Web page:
There are dangers to using a CPA machine improperly over a long term, and the dangers are the same as not using a machine at all if you have apnoea - early death due to complications from lack of proper sleep, with the added danger that improperly adjusted CPAP devices could increase poor sleep quality rather than combat it. These are long term dangers, and not immediate hazards and cannot be so easily assessed, but, no, it won't blow your lungs out or some such thing, and that is not the reason they are under Rx, nor was it ever the reason.

BTW, it isn't the medical profession that puts these things under Rx, in fact we have no control at all over it, so stop blaming us for it - the federal government in each country decides what should be and what isn't a controlled device, the FDA in the US, I think, and sometimes it seems a bit arbitrary. For instance, here you can buy aspirin in doses up to 500 mg over the counter, but can't buy cardio aspirin (100 mg) without a prescription. I think it is dumb, but the government body that determines this decided that the cardio aspirin is to treat a specific condition, and is for long term use with a risk of internal bleeding, not short term use to treat a headache or fever, and so the risk must be assessed first by a doctor rather than left up to a patient to self medicate. In one or two respects they are not wrong, not least because it does interact with other meds and that then keeps it under control, but I also sort of question it, since I agree with the Yanks on this one - the benefit outweighs the risk in terms of long term reduction of cardiac disease, but nonetheless, whatever I think, I cannot buy it over the counter here, and my GP won't prescribe it for me (I just nip over the border to Germany and buy mine there Wink )- but I AM a doctor and I do know the risks I am taking, and take no other meds that would interact with it, and when I must take something, I leave off the aspirin - how many lay people would know to do that? Not many, I can assure you, and I see people in my practice daily because they choose to self medicate and get sick(er) because of it. I doubt the Swiss are less educated or just dumber than the average American (if one watched Fox News, one would suspect the opposite in fact), but if misuse of non-prescriptive drugs is one of the drags on the health care system here, and we have only 8.5 million people to deal with, imagine what it must be like in the US with its 300-odd million people. So, yeah, if the Gummint decides to restrict something and put it under Rx, it may not make sense to me, but generally there are good reasons behind it, even if I find it inconvenient of dumb.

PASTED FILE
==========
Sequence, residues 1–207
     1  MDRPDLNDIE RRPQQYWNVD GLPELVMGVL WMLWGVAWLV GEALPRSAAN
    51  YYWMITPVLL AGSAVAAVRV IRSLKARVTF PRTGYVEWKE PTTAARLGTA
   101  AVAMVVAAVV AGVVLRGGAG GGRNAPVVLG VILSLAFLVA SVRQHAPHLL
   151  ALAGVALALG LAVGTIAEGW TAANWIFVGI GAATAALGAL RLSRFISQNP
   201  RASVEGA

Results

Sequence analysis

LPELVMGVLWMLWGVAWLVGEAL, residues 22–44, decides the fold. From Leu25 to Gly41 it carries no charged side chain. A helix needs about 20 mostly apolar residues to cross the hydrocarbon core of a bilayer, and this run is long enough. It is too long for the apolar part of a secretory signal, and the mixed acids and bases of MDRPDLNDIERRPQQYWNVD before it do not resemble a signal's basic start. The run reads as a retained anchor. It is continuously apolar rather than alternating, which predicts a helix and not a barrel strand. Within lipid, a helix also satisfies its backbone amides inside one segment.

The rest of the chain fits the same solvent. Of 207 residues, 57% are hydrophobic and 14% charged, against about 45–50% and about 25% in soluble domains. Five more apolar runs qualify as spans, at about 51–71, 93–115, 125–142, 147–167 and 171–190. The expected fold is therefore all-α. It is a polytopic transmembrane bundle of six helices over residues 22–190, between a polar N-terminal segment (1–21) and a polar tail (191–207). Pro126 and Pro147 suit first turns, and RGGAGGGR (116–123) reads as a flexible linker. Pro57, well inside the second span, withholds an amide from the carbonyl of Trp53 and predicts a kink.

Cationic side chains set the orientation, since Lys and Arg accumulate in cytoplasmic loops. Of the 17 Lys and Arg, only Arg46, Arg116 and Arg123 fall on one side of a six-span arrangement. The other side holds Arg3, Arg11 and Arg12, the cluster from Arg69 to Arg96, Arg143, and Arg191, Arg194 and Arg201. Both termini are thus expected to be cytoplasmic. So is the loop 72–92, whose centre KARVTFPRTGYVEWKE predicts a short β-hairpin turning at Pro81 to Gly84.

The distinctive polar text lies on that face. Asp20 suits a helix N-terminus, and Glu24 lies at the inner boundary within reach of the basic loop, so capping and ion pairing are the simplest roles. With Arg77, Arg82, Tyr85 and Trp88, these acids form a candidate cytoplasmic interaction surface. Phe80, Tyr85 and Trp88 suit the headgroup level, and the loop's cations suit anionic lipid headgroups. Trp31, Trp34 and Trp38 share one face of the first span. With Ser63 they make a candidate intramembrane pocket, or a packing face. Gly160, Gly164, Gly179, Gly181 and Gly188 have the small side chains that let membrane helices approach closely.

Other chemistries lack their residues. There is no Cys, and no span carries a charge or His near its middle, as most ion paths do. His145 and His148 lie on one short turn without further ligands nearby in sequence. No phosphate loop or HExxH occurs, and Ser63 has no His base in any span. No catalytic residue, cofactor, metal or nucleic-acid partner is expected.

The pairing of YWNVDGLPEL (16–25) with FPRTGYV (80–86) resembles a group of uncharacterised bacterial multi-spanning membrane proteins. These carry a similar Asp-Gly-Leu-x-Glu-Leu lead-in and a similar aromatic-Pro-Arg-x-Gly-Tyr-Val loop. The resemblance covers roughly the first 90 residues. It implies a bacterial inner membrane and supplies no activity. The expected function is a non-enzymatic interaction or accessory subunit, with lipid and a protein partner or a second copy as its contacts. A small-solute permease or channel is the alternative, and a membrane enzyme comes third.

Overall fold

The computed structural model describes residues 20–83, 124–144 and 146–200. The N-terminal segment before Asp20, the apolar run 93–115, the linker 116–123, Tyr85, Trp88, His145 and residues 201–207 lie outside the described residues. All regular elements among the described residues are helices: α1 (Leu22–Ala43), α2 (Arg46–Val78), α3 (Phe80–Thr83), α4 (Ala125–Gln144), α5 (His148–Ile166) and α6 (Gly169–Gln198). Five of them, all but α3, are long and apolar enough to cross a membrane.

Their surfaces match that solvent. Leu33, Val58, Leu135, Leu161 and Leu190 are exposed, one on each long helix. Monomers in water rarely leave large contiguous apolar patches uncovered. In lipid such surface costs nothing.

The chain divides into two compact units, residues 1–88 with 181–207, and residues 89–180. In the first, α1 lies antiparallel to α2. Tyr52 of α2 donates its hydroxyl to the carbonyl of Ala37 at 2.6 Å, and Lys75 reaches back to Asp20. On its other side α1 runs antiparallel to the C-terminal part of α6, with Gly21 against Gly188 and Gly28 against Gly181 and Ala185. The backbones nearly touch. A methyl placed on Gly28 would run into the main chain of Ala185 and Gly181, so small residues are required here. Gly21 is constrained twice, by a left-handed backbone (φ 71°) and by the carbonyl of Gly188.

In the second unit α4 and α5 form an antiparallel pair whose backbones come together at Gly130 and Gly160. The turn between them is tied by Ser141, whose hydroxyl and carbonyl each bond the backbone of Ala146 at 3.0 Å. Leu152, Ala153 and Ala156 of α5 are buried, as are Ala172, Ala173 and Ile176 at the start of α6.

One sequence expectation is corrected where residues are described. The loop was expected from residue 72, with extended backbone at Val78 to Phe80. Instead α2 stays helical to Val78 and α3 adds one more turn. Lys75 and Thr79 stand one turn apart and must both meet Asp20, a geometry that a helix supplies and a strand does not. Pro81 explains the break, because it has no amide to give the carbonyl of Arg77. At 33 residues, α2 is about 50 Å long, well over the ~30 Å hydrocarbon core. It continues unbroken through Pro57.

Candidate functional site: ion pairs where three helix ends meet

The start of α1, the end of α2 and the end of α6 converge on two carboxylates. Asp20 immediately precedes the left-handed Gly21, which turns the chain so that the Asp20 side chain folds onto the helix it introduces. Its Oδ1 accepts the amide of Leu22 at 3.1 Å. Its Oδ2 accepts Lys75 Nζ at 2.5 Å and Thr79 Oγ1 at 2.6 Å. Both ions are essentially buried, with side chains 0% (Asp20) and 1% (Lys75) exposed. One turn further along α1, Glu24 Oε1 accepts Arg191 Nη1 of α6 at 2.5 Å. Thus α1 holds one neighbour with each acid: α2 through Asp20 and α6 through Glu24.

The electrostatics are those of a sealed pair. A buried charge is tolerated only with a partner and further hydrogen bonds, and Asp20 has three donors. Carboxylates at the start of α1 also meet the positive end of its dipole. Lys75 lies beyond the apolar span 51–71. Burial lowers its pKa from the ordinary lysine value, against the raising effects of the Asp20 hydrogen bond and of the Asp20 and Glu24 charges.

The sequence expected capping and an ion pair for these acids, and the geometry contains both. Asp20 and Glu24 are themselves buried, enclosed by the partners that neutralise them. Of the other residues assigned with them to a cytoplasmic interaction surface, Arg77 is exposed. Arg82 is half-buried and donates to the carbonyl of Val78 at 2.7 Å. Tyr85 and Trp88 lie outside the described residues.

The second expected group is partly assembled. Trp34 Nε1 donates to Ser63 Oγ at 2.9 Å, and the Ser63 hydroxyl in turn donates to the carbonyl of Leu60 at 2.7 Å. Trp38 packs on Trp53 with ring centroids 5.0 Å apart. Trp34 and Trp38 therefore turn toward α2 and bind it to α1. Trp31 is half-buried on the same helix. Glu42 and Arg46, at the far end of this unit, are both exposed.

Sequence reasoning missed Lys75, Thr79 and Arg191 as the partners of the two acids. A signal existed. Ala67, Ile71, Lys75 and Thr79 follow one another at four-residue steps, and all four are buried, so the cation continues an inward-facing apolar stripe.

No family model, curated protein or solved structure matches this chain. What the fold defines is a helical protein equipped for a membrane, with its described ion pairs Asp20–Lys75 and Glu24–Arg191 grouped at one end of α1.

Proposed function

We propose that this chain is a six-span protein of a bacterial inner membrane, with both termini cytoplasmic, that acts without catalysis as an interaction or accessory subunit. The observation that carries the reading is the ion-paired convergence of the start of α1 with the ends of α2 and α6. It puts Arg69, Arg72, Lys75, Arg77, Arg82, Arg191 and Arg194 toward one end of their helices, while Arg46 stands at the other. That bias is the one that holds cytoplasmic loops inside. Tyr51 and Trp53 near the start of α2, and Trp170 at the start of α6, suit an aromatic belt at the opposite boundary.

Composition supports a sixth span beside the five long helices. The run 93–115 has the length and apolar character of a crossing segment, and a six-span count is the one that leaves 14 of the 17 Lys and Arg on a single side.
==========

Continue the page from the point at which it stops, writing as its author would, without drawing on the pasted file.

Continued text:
(This post was last modified: 10-13-2014 05:42 AM by DocWils.)
10-13-2014 05:22 AM
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archangle Offline
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Post: #66
RE: Dangers of Using a CPAP Machine